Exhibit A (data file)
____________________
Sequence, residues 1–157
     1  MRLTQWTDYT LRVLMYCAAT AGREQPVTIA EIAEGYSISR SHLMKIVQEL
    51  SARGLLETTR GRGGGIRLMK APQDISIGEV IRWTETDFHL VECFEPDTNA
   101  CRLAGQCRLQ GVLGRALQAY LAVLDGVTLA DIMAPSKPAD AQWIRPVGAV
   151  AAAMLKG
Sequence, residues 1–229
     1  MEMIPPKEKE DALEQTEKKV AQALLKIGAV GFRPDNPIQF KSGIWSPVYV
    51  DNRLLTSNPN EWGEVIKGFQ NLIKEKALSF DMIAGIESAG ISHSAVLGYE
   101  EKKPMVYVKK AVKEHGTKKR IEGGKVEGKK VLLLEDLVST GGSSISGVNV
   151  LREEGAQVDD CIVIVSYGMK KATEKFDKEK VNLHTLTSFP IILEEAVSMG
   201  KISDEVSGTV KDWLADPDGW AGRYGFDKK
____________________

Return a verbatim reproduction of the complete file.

Sequence, residues 1–157
     1  MRLTQWTDYT LRVLMYCAAT AGREQPVTIA EIAEGYSISR SHLMKIVQEL
    51  SARGLLETTR GRGGGIRLMK APQDISIGEV IRWTETDFHL VECFEPDTNA
   101  CRLAGQCRLQ GVLGRALQAY LAVLDGVTLA DIMAPSKPAD AQWIRPVGAV
   151  AAAMLKG
Sequence, residues 1–229
     1  MEMIPPKEKE DALEQTEKKV AQALLKIGAV GFRPDNPIQF KSGIWSPVYV
    51  DNRLLTSNPN EWGEVIKGFQ NLIKEKALSF DMIAGIESAG ISHSAVLGYE
   101  EKKPMVYVKK AVKEHGTKKR IEGGKVEGKK VLLLEDLVST GGSSISGVNV
   151  LREEGAQVDD CIVIVSYGMK KATEKFDKEK VNLHTLTSFP IILEEAVSMG
   201  KISDEVSGTV KDWLADPDGW AGRYGFDKK